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History made

I've read that photojournalists are witnesses to history, but I disagree. We are all witnesses to history, I just get paid to photograph it as it happens. 

This past week history was made in the field house of West Allis Central High School as Wauwatosa East's Hannah Weinberg-Kinsey cleared 5 feet 5 inches in the high jump event of her team's Greater Metro Conference track and field meet, breaking the old conference record of 5 feet 4 inches.

It was my second day in the Central field house after covering the boys GMC meet the day before and I was there to cover six schools, one of which was Tosa East.

Let me back up for a second and tell you my thoughts on covering track and field. I love to photograph track meets - period. There is just so much going on and so many different opportunities to make photos it's impossible to get bored, the access is great, and I don't have to worry about a sliced golf ball hitting me in the head.

That said, indoor track is a challenge from a technical point of view. The light, or lack there of, pushes my cameras ability to to both record the action and stop what ever motion there is to the stops. It's dark and people are moving fast, two things that never work together to make a good photo. 3200ASA f/2.8 at a 1/320th of a second dark. That's when the light is reflecting off faces, not the shadows.

To maximize my chances of making photos I tend to concentrate on the high jump and pole vault field events while covering indoor track. In the pole vault event the athletes are 9 feet closer to the lights and because of that I can raise my shutter speed to 1/500th of a second, thus upping my chances of stopping and motion. In the high jump event the competitors go over the bar with their faces facing right at the lights - lending me a hand as the light reflects off any exposed skin, again making my job easier.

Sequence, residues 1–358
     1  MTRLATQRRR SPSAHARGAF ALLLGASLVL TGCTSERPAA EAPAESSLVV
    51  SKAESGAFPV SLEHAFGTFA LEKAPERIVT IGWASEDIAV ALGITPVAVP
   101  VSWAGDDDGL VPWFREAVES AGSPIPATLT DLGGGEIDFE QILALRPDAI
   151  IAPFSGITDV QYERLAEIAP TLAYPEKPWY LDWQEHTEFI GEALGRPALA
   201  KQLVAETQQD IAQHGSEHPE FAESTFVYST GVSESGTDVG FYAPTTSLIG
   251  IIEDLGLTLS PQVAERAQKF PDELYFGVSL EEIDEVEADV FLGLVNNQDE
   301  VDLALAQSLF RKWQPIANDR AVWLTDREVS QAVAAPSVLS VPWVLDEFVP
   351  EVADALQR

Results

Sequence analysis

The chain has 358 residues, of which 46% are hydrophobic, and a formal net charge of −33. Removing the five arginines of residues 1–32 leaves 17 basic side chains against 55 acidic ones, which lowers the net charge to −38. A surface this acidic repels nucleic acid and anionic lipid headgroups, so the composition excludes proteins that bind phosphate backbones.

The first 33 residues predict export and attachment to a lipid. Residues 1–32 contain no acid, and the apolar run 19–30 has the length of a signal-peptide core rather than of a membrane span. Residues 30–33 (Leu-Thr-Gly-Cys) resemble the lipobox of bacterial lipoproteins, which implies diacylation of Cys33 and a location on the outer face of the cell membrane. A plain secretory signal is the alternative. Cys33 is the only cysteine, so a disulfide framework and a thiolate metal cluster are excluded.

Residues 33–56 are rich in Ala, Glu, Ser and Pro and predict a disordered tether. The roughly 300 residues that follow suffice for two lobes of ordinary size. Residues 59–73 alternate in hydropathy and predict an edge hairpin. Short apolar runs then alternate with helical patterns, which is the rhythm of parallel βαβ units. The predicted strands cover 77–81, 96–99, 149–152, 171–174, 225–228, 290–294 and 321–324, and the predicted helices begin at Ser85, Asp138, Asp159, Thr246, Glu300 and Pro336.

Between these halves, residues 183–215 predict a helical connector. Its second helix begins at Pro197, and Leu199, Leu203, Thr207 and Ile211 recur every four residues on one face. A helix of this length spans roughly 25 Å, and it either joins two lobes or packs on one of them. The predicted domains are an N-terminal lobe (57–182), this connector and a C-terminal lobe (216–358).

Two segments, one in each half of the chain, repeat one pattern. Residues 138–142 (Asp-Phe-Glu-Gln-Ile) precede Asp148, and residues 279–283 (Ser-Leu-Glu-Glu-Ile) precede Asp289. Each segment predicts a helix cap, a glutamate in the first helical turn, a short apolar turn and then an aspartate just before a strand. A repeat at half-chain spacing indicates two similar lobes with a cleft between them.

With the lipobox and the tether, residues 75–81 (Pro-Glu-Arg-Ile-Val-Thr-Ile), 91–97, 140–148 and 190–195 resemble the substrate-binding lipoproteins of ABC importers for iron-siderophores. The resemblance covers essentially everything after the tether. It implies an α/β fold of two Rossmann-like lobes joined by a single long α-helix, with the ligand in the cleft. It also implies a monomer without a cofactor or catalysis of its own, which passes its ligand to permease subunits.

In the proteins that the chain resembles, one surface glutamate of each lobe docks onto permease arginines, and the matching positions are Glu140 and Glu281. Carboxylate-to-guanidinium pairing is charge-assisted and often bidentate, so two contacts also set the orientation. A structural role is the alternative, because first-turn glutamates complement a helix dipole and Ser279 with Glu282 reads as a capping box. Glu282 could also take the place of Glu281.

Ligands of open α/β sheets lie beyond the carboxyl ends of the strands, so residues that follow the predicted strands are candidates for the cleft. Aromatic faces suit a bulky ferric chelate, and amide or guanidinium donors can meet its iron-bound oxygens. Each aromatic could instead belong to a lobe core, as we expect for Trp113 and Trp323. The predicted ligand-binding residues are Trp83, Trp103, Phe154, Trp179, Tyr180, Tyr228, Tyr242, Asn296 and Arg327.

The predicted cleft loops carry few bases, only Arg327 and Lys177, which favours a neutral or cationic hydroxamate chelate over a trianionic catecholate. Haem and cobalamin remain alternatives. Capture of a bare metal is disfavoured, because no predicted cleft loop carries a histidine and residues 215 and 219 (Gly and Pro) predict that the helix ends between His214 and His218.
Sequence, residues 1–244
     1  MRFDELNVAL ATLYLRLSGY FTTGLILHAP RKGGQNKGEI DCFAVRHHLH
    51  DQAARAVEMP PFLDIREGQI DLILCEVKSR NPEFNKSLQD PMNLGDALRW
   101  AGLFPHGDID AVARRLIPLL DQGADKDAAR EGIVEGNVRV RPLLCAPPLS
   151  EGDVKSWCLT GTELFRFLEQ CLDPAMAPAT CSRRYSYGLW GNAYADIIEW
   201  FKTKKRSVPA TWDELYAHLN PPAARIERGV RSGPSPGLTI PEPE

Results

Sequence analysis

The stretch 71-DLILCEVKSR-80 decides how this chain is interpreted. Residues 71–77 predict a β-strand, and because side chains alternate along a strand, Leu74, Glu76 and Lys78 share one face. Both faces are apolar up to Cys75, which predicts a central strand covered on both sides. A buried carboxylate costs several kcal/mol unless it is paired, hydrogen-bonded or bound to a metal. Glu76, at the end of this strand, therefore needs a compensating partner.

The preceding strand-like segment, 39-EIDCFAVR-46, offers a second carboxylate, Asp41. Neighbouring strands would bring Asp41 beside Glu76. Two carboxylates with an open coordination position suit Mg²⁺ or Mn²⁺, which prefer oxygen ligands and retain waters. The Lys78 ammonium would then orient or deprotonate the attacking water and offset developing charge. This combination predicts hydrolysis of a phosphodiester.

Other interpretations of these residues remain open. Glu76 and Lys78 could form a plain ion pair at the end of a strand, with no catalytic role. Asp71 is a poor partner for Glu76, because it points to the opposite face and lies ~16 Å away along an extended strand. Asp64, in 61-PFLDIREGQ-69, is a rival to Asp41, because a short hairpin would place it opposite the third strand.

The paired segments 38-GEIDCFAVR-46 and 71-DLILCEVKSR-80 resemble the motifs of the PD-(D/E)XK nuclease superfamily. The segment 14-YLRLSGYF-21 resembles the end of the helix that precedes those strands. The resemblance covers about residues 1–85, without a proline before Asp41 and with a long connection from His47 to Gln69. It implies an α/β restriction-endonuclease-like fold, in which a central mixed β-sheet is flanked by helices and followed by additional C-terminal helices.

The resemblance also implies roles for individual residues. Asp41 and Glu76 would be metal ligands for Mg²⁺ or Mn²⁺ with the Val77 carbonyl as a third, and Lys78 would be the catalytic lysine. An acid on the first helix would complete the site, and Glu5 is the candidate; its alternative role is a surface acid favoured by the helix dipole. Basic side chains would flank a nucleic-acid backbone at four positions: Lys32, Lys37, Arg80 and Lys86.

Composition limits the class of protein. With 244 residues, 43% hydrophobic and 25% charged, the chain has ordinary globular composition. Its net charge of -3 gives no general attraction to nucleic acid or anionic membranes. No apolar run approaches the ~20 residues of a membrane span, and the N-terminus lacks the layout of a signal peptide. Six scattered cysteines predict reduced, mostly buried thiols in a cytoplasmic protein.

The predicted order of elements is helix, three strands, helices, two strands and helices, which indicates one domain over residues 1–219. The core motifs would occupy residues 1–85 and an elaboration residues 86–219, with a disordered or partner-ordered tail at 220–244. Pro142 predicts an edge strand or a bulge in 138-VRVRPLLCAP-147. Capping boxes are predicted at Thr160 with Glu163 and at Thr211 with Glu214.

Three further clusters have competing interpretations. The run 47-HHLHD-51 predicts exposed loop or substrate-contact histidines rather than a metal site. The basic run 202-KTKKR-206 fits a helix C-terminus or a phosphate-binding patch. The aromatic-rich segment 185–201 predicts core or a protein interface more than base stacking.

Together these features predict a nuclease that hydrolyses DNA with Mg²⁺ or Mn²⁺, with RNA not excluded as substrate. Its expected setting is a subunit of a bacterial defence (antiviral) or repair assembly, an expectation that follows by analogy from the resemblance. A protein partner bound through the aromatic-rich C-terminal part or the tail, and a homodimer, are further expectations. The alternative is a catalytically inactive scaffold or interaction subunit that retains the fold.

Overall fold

Thus, after photographing a couple pole vaulters, I hung out at the high jump pit right next to the finish line for the running events. Depending on what was going on I had my choice of two photographs, running and or hurdles or the high jump.

I noticed Hannah soon after getting to my hangout at the finish line/high jump pit and wanted to photograph her because she went to school at one of the schools I was to cover at the meet. But every time I thought I'd get my chance, she would defer to the next higher bar height. As time went on and Hannah kept deferring to the next higher bar height and now I really wanted to photograph her. If you defer to a higher bar height you are ether good or stupid - and I was betting she was good.

When I made this photograph, I had no idea it was a record-breaking jump, just that I needed an athlete from East and that Hannah was good. That filled the bill for me at the time. It was only after her jump and talking with her coach did I learn of the record being broken.  I already knew the photograph was sharp and now I had a shot worthy of the sports section cover that I was proud to put my name under.

Did luck play a part in my capturing Hannah's jump? You bet it did. There is just no way one person can be everywhere and know all that is happening at a track meet. Knowing what to look for and how to maximize what little light there is helped, but Lady Luck was with me for capturing Hannah's record-breaking jump.

See ya on the sidelines,

Peter 

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